Shares of Medtronic traded 0.8% lower on Friday, as investors had the chance to react on the news. Shares of Kanghui Holdings rose more than 20% to $30.35 per share on the back of the deal. Since the start of 2012, shares of Kanghui have more than doubled.
Medtronic announced that it will acquire China Kanghui Holdings, a developer, manufacturer and marketer of orthopedic implants in China. Kanghui's orthopedic brands include Kanghui and Libeier, and it offers trauma and spine orthopedic implants.
Medtronic will pay $30.75 per share for China Kanghui, or $816 million in cash for the total firm. Net of Kanghui's cash holdings, the deal value is approximately $755 million.
CEO and Chairman Omar Ishrak commented on the deal, "This agreement is directly aligned with our corporate strategies of globalization and economic value. Kanghui represents a significant investment in China, accelerating Medtronic's overall globalization strategy with an established value segment distribution network and strong R&D and operational capabilities."
China Kanghui generated annual revenues of CNY327 million in 2011. The company net earned CNY121 million. In U.S. dollars, revenues came in at $52.1 million, and net income at $19.3 million.
For the first six months of 2012, China Kanghui reported revenues of CNY184 million, or $29.3 million in U.S. dollar. Net income came in at CNY64 million, or $10.3 million in US dollar.
The deal values China Kanghui at 14 times annual earnings, and 40 times annual profits. The acquisition is expected to be neutral to 2013s and 2014s earnings per share as Medtronic aims to offset any dilutive effects of the acquisition.
Medtronic expects to close the deal in a few months time. The deal is subject to regulatory and shareholder approval, and the usual closing conditions.
Medtronic ended its first quarter of its fiscal 2013 with $2.5 billion in cash and equivalents, giving the company enough firepower to finance this latest deal. The company operates with a sizable amount of short and long term debt, some $10.8 billion, resulting in a net debt position of $8.3 billion. The acquisition of Kanghui would most likely push the net debt position towards the $9 billion mark.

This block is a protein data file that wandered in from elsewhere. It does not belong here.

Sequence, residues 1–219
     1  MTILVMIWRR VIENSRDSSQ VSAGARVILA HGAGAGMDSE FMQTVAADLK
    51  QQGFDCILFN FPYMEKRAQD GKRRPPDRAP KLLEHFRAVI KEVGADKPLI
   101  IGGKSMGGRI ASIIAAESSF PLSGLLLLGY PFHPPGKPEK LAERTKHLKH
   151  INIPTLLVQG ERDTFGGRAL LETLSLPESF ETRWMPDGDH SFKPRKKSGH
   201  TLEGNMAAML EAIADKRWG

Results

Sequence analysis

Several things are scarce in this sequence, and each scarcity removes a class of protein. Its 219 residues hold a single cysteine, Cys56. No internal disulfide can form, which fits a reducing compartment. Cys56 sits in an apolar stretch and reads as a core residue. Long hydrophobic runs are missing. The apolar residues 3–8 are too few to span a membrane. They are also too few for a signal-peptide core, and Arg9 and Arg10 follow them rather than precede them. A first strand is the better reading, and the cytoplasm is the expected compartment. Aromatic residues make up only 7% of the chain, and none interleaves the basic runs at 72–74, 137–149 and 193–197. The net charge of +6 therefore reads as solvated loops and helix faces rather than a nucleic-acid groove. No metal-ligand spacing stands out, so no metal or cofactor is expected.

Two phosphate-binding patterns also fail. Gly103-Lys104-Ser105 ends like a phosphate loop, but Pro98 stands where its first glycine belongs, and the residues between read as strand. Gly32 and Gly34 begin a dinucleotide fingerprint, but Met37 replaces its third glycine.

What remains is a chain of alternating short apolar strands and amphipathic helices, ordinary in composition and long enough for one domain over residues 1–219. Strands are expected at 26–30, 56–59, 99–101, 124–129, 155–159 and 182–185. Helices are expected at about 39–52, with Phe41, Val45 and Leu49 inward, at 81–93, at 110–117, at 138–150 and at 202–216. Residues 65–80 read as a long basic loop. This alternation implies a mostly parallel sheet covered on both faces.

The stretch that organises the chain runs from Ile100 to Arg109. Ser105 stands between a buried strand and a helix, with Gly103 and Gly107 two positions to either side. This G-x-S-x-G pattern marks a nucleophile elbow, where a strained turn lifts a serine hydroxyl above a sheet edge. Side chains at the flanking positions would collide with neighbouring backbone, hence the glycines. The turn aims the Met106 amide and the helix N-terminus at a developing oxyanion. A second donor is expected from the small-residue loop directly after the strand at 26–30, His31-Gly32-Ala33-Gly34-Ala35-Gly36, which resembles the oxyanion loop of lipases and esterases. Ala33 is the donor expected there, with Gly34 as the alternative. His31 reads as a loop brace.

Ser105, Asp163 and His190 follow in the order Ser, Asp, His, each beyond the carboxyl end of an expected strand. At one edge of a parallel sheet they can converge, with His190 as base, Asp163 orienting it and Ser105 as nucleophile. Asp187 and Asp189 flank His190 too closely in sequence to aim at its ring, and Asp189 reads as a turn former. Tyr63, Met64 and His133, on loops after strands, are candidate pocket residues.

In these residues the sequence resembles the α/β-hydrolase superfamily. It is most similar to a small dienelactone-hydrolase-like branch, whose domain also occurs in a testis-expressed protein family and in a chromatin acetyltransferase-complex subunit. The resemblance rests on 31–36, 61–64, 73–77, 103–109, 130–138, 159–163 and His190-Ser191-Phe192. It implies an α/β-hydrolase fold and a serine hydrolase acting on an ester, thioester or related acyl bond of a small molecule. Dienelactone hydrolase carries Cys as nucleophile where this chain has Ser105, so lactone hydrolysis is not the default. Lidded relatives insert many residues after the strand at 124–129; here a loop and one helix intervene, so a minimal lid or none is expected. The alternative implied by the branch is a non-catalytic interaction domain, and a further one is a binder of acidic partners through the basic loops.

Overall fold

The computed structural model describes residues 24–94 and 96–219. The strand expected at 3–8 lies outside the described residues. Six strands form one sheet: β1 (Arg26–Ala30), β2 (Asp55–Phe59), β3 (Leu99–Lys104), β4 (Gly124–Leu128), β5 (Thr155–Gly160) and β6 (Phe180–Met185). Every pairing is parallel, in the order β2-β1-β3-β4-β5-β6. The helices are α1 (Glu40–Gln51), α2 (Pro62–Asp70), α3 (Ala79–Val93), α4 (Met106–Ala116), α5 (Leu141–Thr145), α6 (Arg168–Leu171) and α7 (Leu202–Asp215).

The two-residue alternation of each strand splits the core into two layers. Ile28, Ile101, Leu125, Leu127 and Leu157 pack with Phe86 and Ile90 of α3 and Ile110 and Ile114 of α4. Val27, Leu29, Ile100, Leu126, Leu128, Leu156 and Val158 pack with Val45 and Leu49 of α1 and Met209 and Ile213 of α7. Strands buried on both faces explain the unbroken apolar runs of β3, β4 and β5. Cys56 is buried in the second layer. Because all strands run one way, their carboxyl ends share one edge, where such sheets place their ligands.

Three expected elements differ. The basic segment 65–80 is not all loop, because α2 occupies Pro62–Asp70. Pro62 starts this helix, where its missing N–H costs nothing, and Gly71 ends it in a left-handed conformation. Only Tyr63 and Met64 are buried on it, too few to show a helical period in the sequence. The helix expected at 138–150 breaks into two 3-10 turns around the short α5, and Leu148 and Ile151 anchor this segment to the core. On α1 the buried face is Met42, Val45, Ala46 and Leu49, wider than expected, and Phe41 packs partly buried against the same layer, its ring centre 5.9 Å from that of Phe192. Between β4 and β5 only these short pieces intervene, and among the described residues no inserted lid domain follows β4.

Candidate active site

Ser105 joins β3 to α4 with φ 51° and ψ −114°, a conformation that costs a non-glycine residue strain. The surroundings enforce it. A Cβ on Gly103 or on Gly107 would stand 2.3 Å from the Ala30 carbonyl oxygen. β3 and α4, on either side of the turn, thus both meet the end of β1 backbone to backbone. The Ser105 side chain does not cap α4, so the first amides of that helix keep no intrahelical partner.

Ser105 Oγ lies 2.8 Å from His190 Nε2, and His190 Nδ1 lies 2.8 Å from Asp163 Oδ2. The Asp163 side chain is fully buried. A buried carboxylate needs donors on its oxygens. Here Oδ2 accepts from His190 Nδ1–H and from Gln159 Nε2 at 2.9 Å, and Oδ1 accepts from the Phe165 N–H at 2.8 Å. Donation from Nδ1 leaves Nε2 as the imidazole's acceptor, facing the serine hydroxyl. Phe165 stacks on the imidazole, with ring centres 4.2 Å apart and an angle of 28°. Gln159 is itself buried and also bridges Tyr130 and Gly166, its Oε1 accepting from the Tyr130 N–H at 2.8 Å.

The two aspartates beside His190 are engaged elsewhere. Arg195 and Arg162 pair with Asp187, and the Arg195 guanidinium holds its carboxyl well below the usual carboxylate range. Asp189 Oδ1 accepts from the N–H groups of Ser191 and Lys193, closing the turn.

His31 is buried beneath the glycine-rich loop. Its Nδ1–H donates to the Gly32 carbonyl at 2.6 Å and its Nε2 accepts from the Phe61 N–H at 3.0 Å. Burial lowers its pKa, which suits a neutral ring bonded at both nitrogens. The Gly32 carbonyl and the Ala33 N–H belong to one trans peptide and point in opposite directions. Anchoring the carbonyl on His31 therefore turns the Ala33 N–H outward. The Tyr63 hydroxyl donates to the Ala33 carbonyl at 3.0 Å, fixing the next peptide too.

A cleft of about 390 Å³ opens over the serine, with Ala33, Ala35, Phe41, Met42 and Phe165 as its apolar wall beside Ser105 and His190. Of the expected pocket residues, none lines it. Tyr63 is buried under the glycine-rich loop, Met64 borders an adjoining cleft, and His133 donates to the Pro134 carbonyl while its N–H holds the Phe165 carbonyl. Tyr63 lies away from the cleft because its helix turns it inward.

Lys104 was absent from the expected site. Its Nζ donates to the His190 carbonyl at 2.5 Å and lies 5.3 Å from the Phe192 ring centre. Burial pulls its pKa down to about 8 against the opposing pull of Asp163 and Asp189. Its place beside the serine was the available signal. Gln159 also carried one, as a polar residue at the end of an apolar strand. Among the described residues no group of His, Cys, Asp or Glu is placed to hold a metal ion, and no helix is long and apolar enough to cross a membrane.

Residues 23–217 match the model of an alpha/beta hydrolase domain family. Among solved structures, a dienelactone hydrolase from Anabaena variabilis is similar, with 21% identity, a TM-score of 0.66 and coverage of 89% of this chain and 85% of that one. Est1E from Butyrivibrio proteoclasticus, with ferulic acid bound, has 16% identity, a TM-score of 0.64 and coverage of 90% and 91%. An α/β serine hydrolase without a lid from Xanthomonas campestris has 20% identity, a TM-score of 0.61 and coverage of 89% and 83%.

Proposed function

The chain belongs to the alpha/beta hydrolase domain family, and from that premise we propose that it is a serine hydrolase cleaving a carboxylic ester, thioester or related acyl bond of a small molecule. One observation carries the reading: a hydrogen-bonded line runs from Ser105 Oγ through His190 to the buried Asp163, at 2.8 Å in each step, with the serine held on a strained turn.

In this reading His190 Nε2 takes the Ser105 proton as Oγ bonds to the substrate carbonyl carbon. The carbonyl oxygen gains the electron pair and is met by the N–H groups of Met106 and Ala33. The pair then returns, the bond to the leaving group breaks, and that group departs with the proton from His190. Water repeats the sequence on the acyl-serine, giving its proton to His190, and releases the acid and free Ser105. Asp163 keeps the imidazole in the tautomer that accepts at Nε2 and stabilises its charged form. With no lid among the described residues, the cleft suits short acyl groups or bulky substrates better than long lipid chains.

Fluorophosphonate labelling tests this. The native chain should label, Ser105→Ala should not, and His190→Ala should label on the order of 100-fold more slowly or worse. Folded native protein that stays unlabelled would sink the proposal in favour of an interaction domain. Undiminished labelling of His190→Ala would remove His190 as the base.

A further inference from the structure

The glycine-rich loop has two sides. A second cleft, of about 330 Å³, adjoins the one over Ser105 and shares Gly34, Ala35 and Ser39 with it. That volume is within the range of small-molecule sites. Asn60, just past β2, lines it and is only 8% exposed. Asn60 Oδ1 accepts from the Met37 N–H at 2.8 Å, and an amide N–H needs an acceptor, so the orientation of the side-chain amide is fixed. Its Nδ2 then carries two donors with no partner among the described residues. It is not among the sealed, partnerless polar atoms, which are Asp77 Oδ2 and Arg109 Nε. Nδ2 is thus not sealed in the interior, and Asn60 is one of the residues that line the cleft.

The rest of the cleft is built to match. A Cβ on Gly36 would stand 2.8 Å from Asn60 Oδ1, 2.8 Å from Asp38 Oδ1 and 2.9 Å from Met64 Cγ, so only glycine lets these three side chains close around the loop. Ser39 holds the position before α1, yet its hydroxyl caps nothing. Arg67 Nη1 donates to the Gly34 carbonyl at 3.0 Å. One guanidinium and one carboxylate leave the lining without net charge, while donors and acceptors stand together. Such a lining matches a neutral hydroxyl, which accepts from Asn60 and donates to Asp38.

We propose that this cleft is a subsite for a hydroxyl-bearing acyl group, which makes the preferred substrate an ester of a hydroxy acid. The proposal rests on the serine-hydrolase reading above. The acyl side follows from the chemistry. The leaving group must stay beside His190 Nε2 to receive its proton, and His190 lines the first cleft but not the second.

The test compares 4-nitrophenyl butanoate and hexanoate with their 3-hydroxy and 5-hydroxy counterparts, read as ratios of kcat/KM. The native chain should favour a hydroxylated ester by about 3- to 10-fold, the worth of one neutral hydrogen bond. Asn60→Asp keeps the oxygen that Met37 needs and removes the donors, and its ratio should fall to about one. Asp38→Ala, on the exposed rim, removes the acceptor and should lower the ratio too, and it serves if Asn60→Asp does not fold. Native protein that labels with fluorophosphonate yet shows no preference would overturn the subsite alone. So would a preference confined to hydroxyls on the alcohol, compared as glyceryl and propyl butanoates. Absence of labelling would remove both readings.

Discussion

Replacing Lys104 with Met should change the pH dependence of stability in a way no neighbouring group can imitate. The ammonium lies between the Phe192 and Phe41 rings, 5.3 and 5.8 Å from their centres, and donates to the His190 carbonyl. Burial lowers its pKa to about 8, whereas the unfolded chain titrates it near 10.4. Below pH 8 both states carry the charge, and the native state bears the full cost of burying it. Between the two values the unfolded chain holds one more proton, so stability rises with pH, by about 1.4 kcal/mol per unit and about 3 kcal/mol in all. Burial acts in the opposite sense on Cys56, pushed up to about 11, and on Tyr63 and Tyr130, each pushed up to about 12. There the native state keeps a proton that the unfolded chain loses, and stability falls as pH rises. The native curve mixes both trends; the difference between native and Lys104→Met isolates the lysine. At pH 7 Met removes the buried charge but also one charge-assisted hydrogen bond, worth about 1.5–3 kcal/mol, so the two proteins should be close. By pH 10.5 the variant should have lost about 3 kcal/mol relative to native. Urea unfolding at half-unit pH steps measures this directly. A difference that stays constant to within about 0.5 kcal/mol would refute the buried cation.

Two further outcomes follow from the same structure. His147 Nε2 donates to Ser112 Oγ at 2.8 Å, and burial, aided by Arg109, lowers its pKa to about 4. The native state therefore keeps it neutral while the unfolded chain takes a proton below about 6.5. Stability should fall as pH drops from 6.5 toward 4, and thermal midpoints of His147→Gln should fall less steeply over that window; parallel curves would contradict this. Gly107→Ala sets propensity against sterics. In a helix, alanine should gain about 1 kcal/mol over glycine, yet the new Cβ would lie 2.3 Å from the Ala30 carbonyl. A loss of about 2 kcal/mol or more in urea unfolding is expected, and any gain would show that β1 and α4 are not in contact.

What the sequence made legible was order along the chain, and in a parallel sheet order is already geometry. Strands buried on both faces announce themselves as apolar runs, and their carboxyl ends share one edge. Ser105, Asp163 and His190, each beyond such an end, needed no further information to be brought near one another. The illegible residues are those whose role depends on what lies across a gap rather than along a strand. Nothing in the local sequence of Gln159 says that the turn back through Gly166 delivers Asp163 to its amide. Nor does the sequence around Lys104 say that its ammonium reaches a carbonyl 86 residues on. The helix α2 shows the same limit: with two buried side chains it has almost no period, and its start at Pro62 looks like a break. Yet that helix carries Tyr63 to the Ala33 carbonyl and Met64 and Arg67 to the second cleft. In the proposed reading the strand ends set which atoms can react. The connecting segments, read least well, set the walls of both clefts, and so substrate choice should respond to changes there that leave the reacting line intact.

For the full year of 2012, Medtronic generated revenues of $16.2 billion. The company net earned $3.6 billion, or $3.22 per diluted share. The acquisition of Kanghui would have a very limited effect on both group-wide earnings and revenues.
Medtronic is currently valued at $44 billion, or 2.7 times annual revenues and 12 times debt.
Currently, Medtronic pays a quarterly dividend of $0.26 per share, for an annual dividend yield of 2.4%.
Year to date, shares of Medtronic have risen some 13%. Shares traded between the $36 and $40 mark until August, when the company reiterated its full year fiscal 2013 outlook. Currently shares are exchanging hands at $43. For its fiscal 2013, Medtronic expects to earn $3.62-$3.70 per share.
A little over a month ago when shares were about to break out of the $40 resistance level, I already argued that shares offered long term investors with a decent investment opportunity. The company's shares have fallen roughly a quarter over the past five years, while the company almost doubled its earnings, and has doubled its annual dividend payout.
The acquisition of Kanghui is no game changer for the company. The direct addition to revenues and earnings is negligible, but it highlights the acquisition-driven growth strategy and boosts the company's position in China. While $755 million is a lot of money for Kanghui, Medtronic aims to let the deal have a neutral effect on earnings per share.
While there are few short term benefits to the deal, given the high valuation, it does offer Medtronic some long term benefits in growth markets like China. Shares of Medtronic saw a very modest correction on Friday, on the back of the deal.
Still, the investment thesis in Medtronic is intact. I would not be surprised to see shares hit the $50 mark in the next year.
Disclosure: I have no positions in any stocks mentioned, and no plans to initiate any positions within the next 72 hours. I wrote this article myself, and it expresses my own opinions. I am not receiving compensation for it (other than from Seeking Alpha). I have no business relationship with any company whose stock is mentioned in this article.